Literature, Civilization, and Advanced Language Courses
502. Advanced Arabic Conversation and Composition. Arabic 501 or equivalent. (3). (Excl).
The objectives of this course are to develop fluency and accuracy in understanding, speaking and writing modern standard Arabic, and to expand students' awareness of Arab-Islamic life and culture. The course is based on a variety of literary texts and authentic cultural audiovisual materials including slides, videocassettes, and films. There is a special emphasis on active mastery of useful idiomatic and cultural expressions and the use of Arabic for oral and written communication. Occasionally, students are required to select their own topics and give brief presentations. Requirements include daily preparations, a weekly written composition, monthly tests, and a final exam. Course grade is based on classroom preparation and performance (20%), written compositions (20%), monthly tests (30%), and a final paper (30%). The course textbooks are ADVANCED ARABIC CONVERSATION AND COMPOSITION by Raji M. Rammuny, and ADVANCED ARABIC COMPOSITION. STUDENT'S GUIDE by Raji M. Rammuny. [Cost:1] [WL:3] (Rammuny)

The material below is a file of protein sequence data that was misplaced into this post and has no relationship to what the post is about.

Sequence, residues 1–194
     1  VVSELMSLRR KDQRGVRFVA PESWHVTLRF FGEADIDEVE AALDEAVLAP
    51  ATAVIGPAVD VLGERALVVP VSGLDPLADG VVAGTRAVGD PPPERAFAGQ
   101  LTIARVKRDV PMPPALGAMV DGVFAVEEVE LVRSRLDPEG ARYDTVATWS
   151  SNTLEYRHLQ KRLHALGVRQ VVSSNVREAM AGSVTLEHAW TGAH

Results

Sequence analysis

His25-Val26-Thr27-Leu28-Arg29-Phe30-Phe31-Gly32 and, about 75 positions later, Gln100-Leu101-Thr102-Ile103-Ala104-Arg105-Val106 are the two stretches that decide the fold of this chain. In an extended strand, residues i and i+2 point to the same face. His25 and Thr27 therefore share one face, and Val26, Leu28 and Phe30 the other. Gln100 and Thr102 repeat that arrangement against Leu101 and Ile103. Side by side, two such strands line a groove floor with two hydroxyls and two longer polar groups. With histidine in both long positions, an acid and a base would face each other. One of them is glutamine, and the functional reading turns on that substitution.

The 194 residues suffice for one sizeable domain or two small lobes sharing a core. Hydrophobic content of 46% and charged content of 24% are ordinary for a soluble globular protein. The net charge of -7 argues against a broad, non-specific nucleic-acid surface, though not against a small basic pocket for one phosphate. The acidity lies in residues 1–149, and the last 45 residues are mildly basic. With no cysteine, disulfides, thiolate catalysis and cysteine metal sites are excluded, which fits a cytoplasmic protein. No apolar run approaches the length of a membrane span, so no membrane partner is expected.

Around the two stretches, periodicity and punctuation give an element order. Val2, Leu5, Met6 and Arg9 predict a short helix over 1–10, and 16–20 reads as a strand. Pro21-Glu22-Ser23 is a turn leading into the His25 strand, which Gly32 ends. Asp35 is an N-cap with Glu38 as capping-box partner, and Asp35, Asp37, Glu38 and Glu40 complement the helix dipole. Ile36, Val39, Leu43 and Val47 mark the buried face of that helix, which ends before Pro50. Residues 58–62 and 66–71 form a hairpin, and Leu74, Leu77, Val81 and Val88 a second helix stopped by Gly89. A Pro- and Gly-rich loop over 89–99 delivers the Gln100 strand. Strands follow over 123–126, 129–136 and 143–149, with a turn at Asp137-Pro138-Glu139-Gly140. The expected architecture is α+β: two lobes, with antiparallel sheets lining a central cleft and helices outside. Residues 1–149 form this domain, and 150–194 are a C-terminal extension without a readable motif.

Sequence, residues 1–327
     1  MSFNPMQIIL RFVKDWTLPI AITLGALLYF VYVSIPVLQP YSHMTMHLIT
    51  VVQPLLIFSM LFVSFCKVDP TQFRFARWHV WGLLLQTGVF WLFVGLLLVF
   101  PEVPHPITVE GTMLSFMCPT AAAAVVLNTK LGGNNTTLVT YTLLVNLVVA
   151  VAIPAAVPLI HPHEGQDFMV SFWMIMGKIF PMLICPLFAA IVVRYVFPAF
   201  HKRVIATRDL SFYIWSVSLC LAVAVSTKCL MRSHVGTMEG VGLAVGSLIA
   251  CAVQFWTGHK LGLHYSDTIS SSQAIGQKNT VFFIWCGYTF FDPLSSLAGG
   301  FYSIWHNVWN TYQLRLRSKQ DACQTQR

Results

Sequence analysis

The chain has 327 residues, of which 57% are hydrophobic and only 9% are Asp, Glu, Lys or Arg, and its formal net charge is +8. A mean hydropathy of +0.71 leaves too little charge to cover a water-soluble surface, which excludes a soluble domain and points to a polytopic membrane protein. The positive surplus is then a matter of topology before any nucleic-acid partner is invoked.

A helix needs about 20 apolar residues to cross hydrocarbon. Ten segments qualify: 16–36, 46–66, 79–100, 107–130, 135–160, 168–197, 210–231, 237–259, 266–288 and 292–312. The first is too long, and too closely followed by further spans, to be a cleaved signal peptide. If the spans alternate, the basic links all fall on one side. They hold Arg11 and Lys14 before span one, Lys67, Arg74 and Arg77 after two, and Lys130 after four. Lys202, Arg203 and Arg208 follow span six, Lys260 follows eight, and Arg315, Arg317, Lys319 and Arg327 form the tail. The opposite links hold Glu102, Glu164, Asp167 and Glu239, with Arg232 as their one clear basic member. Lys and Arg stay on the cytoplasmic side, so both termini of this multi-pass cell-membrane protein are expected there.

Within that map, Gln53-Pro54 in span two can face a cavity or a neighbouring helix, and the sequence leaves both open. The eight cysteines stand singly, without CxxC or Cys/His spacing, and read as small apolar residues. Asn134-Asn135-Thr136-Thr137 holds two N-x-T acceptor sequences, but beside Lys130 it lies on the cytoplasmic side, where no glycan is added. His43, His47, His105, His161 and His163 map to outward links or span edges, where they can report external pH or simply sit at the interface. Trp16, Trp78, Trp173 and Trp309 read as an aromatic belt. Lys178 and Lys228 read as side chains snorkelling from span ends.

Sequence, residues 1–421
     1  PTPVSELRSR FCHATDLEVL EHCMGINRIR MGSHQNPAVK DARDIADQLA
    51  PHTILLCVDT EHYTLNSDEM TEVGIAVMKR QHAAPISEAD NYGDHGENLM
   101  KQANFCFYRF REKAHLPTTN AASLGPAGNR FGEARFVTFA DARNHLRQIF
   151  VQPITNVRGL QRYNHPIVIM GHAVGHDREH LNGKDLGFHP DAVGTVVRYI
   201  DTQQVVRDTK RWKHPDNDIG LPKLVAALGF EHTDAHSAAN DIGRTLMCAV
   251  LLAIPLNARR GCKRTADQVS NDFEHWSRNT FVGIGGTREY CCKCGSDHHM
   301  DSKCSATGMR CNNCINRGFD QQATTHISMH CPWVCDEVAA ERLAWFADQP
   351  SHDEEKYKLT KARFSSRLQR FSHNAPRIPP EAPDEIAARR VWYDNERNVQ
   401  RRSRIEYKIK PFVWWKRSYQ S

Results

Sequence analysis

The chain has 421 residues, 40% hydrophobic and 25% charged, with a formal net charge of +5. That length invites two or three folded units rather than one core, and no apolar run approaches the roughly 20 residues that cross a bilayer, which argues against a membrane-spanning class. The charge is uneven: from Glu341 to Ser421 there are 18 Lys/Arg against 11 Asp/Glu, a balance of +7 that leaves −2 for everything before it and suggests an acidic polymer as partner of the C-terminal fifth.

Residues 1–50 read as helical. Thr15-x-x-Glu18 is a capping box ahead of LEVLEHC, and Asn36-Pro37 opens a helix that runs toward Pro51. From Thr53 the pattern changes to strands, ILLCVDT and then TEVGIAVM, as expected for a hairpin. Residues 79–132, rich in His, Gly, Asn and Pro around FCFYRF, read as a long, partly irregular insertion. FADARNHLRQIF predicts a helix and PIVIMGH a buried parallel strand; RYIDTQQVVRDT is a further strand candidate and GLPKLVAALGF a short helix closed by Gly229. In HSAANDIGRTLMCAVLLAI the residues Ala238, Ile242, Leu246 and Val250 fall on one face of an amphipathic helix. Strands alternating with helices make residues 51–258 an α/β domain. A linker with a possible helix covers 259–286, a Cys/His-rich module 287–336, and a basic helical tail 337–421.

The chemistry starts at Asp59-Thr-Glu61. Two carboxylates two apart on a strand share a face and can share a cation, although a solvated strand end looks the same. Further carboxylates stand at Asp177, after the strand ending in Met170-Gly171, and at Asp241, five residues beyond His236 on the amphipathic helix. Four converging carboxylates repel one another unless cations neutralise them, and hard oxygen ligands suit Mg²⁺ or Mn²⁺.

202. Elementary Modern Hebrew. Hebrew
201 or equivalent. (5). (LR).
Continuation of the development of basic communication skills of reading, writing and speaking modern standard Hebrew. Class drills, class discussions in Hebrew, language laboratory drills. (Coffin)
302. Intermediate Modern Hebrew. Hebrew
301 or equivalent. No credit granted to those who have completed
or are enrolled in Hebrew 312. (5). (LR).
The focus of instruction will be on the four language skills, with a continued emphasis on oral work and writing. In additon to continued study of morphology and syntax, some reading selections in fiction and non-fiction prose will be introduced. [Cost:1] [WL:5, try another section first. If all others are closed, then no. 1] (Etzion)
305. Hebrew Communicative Skills. Hebrew
302. (2). (Excl).
Continuation of the development of advanced communication skills. The emphasis is on the acquisition of language speaking and listening skills and expansion of vocabulary. (Berkovitch)
402. Advanced Hebrew. Hebrew 401. (3).
An encounter with the "Israeli Experience" through dealing with current literature and poetry, non-fiction articles, plays and films. Emphasis is placed on developing communicative skills and expanding studnet's vocabulary. (Etzion)
404. Hebrew of the Communications Media. Hebrew